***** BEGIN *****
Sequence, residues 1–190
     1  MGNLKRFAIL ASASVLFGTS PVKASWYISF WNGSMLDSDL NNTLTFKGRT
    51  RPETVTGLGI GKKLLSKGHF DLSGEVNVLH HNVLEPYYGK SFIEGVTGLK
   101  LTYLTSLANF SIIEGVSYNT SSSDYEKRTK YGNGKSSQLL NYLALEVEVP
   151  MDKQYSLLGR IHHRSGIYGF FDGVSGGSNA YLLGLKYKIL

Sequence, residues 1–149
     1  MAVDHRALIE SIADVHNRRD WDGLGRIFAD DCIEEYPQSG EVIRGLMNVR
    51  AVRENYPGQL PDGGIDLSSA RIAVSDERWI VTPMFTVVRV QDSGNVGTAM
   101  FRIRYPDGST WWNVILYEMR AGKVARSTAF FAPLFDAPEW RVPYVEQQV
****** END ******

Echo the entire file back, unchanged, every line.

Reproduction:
Sequence, residues 1–190
     1  MGNLKRFAIL ASASVLFGTS PVKASWYISF WNGSMLDSDL NNTLTFKGRT
    51  RPETVTGLGI GKKLLSKGHF DLSGEVNVLH HNVLEPYYGK SFIEGVTGLK
   101  LTYLTSLANF SIIEGVSYNT SSSDYEKRTK YGNGKSSQLL NYLALEVEVP
   151  MDKQYSLLGR IHHRSGIYGF FDGVSGGSNA YLLGLKYKIL

Sequence, residues 1–149
     1  MAVDHRALIE SIADVHNRRD WDGLGRIFAD DCIEEYPQSG EVIRGLMNVR
    51  AVRENYPGQL PDGGIDLSSA RIAVSDERWI VTPMFTVVRV QDSGNVGTAM
   101  FRIRYPDGST WWNVILYEMR AGKVARSTAF FAPLFDAPEW RVPYVEQQV